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Obituaries in the News

December 18, 2006

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Al Beye

BOZEMAN, Mont. (AP) _ Al Beye, a first-team all-Big Sky selection last season as a senior at Montana State, died in an automobile crash, school officials said Saturday. He was 24.

Beye was in a vehicle driven by his brother when it went out of control on a gravel road and rolled over, apparently because of inattentive driving, Beaverhead County Sheriff Jay Hansen said.

There was no indication that drugs or alcohol contributed to the crash, Hansen said. Neither man used a seat belt, he said.

The pair was heading to a Christmas party at the ranch of a meat company where 25-year-old Assane Beye worked, Hansen said.

Assane Beye was listed in satisfactory condition Saturday at the Dillon hospital. His injuries included a broken leg.

Al Beye, a 6-foot-11 center, averaged 11.8 points, 5.9 rebounds and 2.1 blocks per game last season for the Bobcats and was chosen the Big Sky’s co-Defensive MVP. He had one semester of courses remaining to earn a degree in liberal studies.

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Verne Smith

COLUMBIA, S.C. (AP) _ Former state Sen. Verne Smith, whose 2001 party switch to the GOP gave Republicans control of the state Senate for the first time since Reconstruction, died Sunday morning, his son said. He was 81.

Smith died Sunday after a long illness that prevented his bone marrow from fighting infections, said his son, Jeff. The condition, diagnosed after Smith had gall bladder surgery more than a year ago, kept Smith out of the state Senate all session this year and he resigned in July.

After the 2000 elections, the Senate was evenly split with 23 Democrats and 23 Republicans. Smith, with the urging of President Bush, bolted from the Democratic Party and gave Republicans control of the Senate and the Legislature. Republicans had controlled the House since 1994.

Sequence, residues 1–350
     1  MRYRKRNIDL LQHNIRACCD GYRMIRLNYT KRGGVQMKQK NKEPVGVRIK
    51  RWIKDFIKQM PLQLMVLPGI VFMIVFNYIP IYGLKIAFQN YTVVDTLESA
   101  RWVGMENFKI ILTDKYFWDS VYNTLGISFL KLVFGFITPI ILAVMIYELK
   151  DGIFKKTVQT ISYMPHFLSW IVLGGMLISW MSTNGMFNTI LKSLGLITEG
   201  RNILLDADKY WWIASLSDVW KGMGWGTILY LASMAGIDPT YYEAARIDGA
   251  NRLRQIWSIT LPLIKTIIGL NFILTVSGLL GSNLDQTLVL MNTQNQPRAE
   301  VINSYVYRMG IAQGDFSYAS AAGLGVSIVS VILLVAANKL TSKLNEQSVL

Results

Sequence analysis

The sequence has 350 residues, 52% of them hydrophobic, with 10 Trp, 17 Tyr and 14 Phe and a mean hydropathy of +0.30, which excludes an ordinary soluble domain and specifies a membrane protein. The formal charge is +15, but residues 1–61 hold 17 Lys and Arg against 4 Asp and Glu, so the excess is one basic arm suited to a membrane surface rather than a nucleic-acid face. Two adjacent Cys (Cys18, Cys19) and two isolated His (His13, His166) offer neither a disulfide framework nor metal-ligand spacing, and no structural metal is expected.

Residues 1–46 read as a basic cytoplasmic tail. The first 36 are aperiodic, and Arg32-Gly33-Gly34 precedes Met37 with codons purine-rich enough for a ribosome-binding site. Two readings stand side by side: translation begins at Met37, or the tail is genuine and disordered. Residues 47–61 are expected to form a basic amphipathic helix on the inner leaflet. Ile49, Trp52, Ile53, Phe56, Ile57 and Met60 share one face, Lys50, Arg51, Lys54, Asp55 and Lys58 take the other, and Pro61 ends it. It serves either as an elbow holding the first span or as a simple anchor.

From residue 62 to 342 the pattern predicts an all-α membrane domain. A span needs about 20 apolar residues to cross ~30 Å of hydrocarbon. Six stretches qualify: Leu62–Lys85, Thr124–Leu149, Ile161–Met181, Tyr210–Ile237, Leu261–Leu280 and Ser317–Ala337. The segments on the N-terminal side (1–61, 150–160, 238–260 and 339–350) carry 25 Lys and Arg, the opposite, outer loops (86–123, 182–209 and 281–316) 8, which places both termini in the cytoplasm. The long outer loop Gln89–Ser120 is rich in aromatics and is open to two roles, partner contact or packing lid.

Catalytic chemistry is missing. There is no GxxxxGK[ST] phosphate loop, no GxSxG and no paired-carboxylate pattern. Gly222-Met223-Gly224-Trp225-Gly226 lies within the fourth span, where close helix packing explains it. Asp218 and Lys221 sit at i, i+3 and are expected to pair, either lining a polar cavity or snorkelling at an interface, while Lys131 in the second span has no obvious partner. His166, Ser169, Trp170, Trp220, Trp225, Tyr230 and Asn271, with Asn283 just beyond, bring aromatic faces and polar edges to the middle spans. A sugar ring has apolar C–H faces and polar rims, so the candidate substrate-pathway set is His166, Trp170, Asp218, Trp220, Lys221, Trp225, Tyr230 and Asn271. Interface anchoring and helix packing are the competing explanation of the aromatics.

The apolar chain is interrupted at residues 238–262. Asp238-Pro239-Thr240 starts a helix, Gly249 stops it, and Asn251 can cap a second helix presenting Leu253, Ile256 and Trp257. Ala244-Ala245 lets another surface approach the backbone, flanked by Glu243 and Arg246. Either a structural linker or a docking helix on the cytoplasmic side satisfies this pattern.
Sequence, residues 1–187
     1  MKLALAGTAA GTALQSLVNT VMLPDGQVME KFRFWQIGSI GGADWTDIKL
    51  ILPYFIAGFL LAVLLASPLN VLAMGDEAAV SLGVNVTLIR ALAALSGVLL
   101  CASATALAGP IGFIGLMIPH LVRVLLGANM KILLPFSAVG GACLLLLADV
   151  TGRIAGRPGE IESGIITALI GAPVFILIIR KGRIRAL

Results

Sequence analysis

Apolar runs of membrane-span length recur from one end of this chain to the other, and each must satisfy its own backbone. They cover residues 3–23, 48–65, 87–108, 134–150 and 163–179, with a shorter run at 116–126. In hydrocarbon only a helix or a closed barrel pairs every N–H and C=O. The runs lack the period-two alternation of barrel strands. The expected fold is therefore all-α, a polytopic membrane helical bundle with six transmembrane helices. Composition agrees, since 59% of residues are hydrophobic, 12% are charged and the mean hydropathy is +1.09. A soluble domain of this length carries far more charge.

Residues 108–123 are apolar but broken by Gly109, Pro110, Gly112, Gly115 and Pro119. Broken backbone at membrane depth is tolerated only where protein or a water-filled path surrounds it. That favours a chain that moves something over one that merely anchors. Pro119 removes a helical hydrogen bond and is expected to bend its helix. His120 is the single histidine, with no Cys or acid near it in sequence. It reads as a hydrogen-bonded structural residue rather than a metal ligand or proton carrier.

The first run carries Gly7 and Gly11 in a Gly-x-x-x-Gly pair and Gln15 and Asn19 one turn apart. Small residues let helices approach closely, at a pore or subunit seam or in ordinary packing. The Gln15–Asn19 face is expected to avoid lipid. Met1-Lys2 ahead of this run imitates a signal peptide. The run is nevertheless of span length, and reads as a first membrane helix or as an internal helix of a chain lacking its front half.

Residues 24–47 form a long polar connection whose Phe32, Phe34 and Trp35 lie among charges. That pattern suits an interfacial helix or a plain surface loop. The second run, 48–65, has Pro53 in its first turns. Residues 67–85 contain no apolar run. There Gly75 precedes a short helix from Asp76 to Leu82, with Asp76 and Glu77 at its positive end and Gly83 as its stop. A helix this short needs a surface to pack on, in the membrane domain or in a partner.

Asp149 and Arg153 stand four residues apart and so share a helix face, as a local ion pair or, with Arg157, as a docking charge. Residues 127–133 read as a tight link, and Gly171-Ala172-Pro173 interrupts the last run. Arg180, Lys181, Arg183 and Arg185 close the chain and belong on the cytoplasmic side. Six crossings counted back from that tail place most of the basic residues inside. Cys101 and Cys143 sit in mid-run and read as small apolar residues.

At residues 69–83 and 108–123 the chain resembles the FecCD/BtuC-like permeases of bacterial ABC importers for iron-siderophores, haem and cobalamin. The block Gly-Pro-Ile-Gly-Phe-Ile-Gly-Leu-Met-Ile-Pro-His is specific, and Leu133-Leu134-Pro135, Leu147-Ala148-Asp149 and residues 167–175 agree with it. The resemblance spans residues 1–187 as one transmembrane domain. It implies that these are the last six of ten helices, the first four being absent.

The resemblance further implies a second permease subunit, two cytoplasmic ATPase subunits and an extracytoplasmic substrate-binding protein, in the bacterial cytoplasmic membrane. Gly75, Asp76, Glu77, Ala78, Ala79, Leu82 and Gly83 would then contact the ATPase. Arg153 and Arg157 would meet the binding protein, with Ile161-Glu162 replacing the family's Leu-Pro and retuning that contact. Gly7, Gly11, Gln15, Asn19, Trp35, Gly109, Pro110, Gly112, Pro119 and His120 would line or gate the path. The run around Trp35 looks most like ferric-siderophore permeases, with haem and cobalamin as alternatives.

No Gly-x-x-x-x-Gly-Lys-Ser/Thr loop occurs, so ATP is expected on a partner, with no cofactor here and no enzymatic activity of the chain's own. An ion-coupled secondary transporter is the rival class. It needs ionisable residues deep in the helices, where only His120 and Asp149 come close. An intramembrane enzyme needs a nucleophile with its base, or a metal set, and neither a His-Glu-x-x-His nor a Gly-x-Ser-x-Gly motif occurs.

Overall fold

Before resigning, Smith had risen to No. 2 in Senate seniority. He was known as an advocate for the frail, elderly and children and worked to expand the state’s Medicaid programs to help them.

Smith’s wife of 38 years, Jean, died 29 days ago after a stroke, Jeff Smith said.

A World War II Army veteran, Smith returned to South Carolina after the war and was known around his hometown in Greer for the tire stores he operated there.

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Larry Zox

COLCHESTER, Conn. (AP) _ Artist Larry Zox, known for his work in the color-field movement of the 1960s, died Saturday at his home of cancer, his wife said. He was 69.

Zox’s paintings involved the splicing of a color field to give the sensation of shifting planes. They were the subject of a major retrospective at the Whitney Museum of American Art in 1973, and 14 of his works hang in the Smithsonian Institution’s Hirshhorn Museum and Sculpture Garden in Washington, D.C.

Zox was born May 31, 1937, in Des Moines, Iowa, and studied at the University of Oklahoma, Drake University, and at the Des Moines Art Center with noted German artist George Grosz.

He was awarded a Guggenheim Fellowship as well as a National Council of the Arts award, and spent time as an artist in residence at schools including Dartmouth, the University of North Carolina, the School of Visual Arts and Yale University.

Zox had a studio in New York that was known as a colorful gathering place for artists, boxers and bikers in the early 1970s.

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